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Another Leopard Tree

Just like before, the leopard has jumped down from the tree before we arrive, and could be absolutely anywhere by now.

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Kill in Tree

This is beginning to be the 'Story of Our Day' as we see the carcass of a reedbuck in a tree. The predator has deserted her kill to go off hunting again. Knowing that she is likely to return to move the kill to protect it from lions, we wait. And wait. And wait. “Just ten minutes more”. Eventually, after what seems to me like an eternity, we take a vote and decide to move on to “see what else nature has to offer us”.

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Helmeted Guineafowl

I know they are birds, but it is still unusual to see the guineafowl in a tree.

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Warthogs

Heading for the waterhole

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Rolling around in the pond, the warthogs are essentially 'applying sunscreen' using the thick mud for protection.

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Seeing warthogs walk makes me think that they look like ladies in stilettos.

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Thomson's Gazelles

Also at the waterhole are a few Thomson's gazelles.

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Reedbucks

The shy reedbuck stay in the distance, hoping for the gazelles to vacate the waterhole so they can go down to drink in peace.

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Elephants

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This herd includes a couple of really young babies, just two and three months old.

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Mum is very protective over her baby.

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Note the dust devil in the background – as I said earlier, we saw more of these on this trip than we have on all the previous safaris put together.

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Lioness

This young lady is having an afternoon siesta under a tree, all by herself.

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Topi

Surveying the landscape from the top of a small mound. As they do.

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White Bellied Bustard

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Steenbok

Not sure what this steenbok has done with his ears – he looks rather odd.

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Short Grass Plains

Looking out over the area that they call Short Grass Plains, I can understand how Serengeti got its name: Endless Plains (the meaning of the name Serengeti in the local Maa language).

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Dust

At this time of year, vehicles travelling on the dirt tracks of the Serengeti throw up huge clouds of dust, especially the large trucks.

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Common Kestrel

He has a little lizard in his talons, but seems more interested in looking around than eating, but eventually bites its head off and flies off holding the rest of his lunch in his claws.

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Steppe Eagle

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Chipped Windscreen

The problem with these dry gravel tracks is not just the dust, there are also little stones being thrown up. This started as a small chip less than an inch long a few days ago, but with the vibrations of the uneven surface and the vacuum effect caused by driving at speed, it is now almost a foot long. Every time we pass another vehicle, Malisa holds on to the windscreen with his spare hand to lessen the chance of it shattering. Fortunately there is very little traffic today.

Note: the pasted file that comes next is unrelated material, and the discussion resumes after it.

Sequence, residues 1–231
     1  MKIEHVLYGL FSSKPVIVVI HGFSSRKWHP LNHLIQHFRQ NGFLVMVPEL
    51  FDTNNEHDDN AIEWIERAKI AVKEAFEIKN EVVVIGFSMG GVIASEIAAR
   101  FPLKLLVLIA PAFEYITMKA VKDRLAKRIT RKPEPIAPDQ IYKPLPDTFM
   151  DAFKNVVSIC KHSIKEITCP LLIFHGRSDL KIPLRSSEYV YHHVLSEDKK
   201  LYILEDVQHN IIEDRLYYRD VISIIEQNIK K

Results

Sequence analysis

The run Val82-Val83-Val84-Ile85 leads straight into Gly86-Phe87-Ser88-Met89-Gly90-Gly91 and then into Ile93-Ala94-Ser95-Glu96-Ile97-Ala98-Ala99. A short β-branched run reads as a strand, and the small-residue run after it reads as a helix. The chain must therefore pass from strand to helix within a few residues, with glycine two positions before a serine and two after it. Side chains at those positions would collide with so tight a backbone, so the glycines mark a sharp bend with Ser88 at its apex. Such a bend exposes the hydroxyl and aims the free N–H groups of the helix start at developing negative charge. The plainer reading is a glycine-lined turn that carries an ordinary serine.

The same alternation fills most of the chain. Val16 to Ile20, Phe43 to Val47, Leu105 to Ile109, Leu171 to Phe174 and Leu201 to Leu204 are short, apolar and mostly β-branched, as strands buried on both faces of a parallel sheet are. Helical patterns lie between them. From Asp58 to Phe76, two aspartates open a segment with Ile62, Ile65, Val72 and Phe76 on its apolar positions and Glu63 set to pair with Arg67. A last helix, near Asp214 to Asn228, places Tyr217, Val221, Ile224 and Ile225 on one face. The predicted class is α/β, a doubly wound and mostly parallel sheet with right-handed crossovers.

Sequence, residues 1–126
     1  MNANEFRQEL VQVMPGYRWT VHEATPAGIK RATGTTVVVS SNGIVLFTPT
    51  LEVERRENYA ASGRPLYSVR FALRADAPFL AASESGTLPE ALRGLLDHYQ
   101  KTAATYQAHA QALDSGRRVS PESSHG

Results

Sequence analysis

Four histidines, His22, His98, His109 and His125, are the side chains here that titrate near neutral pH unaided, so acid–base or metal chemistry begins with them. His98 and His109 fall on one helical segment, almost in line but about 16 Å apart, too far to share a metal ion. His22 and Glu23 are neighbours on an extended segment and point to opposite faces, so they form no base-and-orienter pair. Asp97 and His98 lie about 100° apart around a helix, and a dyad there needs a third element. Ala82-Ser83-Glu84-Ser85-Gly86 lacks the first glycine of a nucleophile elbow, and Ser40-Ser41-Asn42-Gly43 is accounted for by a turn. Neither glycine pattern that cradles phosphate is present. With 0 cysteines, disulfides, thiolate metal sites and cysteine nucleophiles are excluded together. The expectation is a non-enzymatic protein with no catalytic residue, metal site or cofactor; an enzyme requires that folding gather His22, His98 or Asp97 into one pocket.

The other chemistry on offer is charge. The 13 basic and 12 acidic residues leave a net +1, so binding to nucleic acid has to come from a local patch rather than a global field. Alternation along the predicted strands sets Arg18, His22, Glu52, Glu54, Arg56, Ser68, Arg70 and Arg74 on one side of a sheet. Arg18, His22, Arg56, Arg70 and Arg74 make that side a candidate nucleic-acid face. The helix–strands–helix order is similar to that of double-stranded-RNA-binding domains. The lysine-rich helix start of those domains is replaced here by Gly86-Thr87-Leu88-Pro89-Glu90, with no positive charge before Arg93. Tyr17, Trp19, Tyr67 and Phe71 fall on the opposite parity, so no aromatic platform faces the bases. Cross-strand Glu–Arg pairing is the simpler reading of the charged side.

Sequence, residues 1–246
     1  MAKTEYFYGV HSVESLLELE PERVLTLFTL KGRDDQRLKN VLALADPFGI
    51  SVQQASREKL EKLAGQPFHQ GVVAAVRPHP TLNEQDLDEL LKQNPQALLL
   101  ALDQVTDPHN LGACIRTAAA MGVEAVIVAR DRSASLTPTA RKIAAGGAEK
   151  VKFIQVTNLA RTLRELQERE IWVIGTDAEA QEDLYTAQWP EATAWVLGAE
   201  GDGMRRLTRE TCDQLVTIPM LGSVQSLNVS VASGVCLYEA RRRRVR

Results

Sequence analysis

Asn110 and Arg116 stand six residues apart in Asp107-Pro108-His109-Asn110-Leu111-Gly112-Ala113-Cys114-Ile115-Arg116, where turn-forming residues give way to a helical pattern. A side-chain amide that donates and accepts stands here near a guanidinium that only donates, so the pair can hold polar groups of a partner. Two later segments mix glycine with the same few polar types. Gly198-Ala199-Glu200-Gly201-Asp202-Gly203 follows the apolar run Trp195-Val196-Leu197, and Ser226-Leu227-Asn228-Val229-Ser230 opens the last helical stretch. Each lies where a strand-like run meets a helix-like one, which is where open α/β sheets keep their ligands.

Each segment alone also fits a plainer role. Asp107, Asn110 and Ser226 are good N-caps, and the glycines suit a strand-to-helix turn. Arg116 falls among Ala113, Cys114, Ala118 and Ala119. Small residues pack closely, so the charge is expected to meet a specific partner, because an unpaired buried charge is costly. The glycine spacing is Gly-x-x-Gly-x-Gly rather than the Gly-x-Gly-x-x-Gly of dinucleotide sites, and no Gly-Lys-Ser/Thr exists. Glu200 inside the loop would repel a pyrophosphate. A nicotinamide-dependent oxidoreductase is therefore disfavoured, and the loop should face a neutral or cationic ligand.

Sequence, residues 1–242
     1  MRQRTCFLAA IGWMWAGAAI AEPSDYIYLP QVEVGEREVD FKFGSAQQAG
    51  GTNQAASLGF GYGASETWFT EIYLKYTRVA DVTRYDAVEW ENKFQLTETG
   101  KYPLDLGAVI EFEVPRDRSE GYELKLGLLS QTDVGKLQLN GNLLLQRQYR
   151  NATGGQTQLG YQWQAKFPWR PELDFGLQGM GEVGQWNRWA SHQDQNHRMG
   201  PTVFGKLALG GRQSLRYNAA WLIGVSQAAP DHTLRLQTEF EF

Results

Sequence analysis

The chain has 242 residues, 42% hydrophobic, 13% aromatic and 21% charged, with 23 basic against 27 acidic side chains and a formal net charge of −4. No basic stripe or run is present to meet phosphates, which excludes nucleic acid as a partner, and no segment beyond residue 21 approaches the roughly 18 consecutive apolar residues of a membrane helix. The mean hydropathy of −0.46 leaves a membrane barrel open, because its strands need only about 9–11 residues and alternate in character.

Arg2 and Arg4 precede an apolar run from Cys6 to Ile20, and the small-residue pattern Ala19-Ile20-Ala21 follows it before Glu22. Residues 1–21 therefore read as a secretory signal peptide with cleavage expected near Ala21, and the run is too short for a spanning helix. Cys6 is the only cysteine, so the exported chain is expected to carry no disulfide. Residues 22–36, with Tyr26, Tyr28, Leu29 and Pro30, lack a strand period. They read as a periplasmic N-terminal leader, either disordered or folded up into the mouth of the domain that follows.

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Naabi Gate

By the time we reach the gate to exit Serengeti, both David and I have the runs; thankfully the toilets here are clean and modern these days.

Ndutu

After completing the formalities and leaving Serengeti, we enter one of my favourite places in Tanzania: Ndutu. Part of the Ngorongoro Conservation Area, Ndutu encompasses a lake of the same name as well as Lake Masek.

Baby Golden Jackal

There is no sign of the rest of his family, I am guessing (hoping) they are hiding somewhere nearby.

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Spotted Hyena

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Fireball Lily

Unlike our last two visits, which have been in May when the plains are turned into enormous, colourful meadows, at this time of year it is unusual to see any flowers, making this fireball lily all the more special.

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Flamingos on Lake Ndutu

The way they move when they are feeding, tripping up and down, lifting one leg, then the other, always makes me think of little children needing the toilet. They are, of course, doing it to try and disturb algae.

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Yellow Necked Francolin

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Giraffe

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As I said earlier, the dry soil means that the car kicks up a large amount of dust as we are driving along the dirt tracks. While we are moving, it is not so noticeable, as the dust is mostly behind us; but as soon as we stop, the fine powder seems to catch up with us, making photography impossible for a minute or so until it settles.

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While I was complaining about the dust a minute ago, I love it when we get back-light from the setting sun and the animals themselves kick up the dust. It adds a magical atmosphere to the photographs.

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Elephants